Second, the House (Apple, Google & other portals) will get their 30% off the top without doing anything except maintaining their servers. This is something I didn’t balk at because simply, this is overhead / fixed costs; they would’ve done this anyway. If I had a brick and mortar store selling fabulous games at super low prices, I would have to pay my landlord if I didn’t own the deed to my space. Do I like it? No. I think it’s highly strange that people don’t question The House for fiscally double dipping (getting ad revenue from advertisers & taking 30% from developers) While this is passive income, as they will be paid while they sleep; it does work both ways, as developers have their ‘goods on The House’s digital shelf’. What does not work both ways is that the house selectively advertises some goods, but not others.



Last, but not least, is the customer who downloads the app/game created and has the benefits of enjoyment with no cost to them. Taking from statista, the average mobile game play length in 2015 was 5.59 minutes (while ecommerce apps was 2.85). 6 minutes is a long time in cyberspace. As an example from, the average ENTRY level JS developer in Seattle, WA is 51k.

Payscale per territory varies widely, but I wanted to do the math. Hopefully it ads up (math isn’t my strongest):

  • 51K USD per year
  • 3840 USD monthly
  • 1920 USD bi-weekly
  • 24 USD per hour
  • .40 cents per minute

The figures are rounded, but you get the gist. If Super Cool Downloader Chick downloads my app and doesn’t click on any ads, then that is 2.40 out the window of the months / weeks of work done. This makes me sad because at the end of the day, the one who is shoulder the costs is me.

Yeah. It was sobering to go through all that as a new developer late to the mobile game to see a business model that’s not really about delivering the best to the customers I want to reach, but dependent on chance. I have to hope or heavily market the small app I created which isn’t going to cure cancer anytime soon. I am Issac Hayes in this developer skit, so I wondered how I can resolve this while trying to grow to bigger games and bigger platforms. I want people to eat more ribs but still get paid.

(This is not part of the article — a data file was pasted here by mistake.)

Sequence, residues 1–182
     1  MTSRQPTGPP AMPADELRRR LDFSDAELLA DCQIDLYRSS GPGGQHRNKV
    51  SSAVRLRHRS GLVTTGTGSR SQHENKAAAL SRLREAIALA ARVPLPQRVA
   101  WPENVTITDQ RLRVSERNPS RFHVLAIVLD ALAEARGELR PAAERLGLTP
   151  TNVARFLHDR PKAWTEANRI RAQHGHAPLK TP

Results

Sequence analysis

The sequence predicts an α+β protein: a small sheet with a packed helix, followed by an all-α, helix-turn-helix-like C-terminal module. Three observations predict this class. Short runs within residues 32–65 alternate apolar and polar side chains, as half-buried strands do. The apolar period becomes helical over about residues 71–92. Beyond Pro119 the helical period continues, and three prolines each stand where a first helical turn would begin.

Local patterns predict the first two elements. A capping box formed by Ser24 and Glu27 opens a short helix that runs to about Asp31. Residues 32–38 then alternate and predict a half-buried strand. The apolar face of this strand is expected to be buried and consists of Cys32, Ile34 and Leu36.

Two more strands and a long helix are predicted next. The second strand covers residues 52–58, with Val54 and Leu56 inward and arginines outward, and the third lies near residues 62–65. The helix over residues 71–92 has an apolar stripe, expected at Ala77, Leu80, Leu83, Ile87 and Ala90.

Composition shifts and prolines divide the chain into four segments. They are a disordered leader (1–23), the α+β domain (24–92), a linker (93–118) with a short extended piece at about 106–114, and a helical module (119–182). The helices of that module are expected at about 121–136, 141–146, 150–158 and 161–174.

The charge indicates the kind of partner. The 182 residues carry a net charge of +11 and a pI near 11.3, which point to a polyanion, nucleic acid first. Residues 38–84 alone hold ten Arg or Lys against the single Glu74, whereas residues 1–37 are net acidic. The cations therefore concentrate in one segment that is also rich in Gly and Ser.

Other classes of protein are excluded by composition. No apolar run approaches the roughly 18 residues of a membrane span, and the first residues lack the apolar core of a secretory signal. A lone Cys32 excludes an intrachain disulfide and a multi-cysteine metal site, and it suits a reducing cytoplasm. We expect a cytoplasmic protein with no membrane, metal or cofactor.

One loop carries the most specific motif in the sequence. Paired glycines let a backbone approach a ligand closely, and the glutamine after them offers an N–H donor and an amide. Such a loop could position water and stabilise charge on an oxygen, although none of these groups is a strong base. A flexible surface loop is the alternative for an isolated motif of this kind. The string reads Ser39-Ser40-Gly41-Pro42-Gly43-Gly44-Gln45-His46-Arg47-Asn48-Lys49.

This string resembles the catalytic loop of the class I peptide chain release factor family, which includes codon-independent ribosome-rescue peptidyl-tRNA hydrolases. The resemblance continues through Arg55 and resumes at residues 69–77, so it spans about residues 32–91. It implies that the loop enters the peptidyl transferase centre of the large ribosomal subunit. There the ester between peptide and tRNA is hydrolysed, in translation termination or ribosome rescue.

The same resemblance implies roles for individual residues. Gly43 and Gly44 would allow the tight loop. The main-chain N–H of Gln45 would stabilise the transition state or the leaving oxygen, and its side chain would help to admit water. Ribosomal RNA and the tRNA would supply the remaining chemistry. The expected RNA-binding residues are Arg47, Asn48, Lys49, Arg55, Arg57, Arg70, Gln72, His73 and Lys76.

Further Findings and More Ribs


I’ll be investigating what I find in the world of mobile development; how to utilize it as a process of game development, not a sole source of income. Despite my using Adwords for my initial launch of planetRi, I hate ads; I feel like it cheapens my work and is not a long term solution unless massive amounts of subpar content is made. It may work for JackSepticEye, Pewdiepie and Markiplier, but having a majority of my earnings riding on the whim of advertisers does not bode well with me. Perhaps I am old, but I’ve won/lost enough in the stock market to know keeping up with the changing tides of public opinion is a full time job in itself.

In the meantime, enjoy planetRi and let me know how I can improve it. I want to use the feedback to make the full version better, polished and more enjoyable at cost!






About The Baker

Makin' the sick, twisted things for fun and intellectual discussion.